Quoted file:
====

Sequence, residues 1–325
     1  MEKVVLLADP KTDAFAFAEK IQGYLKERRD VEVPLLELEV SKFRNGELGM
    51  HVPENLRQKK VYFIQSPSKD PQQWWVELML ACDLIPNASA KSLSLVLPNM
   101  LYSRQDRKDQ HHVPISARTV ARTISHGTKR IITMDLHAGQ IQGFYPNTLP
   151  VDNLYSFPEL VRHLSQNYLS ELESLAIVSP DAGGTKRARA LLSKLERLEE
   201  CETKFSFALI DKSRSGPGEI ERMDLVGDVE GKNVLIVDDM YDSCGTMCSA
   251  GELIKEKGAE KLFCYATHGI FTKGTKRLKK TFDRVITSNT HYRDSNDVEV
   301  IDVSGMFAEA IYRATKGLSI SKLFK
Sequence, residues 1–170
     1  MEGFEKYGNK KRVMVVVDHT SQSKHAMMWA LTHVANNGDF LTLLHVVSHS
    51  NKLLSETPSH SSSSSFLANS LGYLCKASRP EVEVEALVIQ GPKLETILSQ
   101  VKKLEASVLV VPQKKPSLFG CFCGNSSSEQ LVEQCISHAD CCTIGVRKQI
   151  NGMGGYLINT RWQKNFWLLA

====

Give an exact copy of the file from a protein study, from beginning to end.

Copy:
Sequence, residues 1–325
     1  MEKVVLLADP KTDAFAFAEK IQGYLKERRD VEVPLLELEV SKFRNGELGM
    51  HVPENLRQKK VYFIQSPSKD PQQWWVELML ACDLIPNASA KSLSLVLPNM
   101  LYSRQDRKDQ HHVPISARTV ARTISHGTKR IITMDLHAGQ IQGFYPNTLP
   151  VDNLYSFPEL VRHLSQNYLS ELESLAIVSP DAGGTKRARA LLSKLERLEE
   201  CETKFSFALI DKSRSGPGEI ERMDLVGDVE GKNVLIVDDM YDSCGTMCSA
   251  GELIKEKGAE KLFCYATHGI FTKGTKRLKK TFDRVITSNT HYRDSNDVEV
   301  IDVSGMFAEA IYRATKGLSI SKLFK
Sequence, residues 1–170
     1  MEGFEKYGNK KRVMVVVDHT SQSKHAMMWA LTHVANNGDF LTLLHVVSHS
    51  NKLLSETPSH SSSSSFLANS LGYLCKASRP EVEVEALVIQ GPKLETILSQ
   101  VKKLEASVLV VPQKKPSLFG CFCGNSSSEQ LVEQCISHAD CCTIGVRKQI
   151  NGMGGYLINT RWQKNFWLLA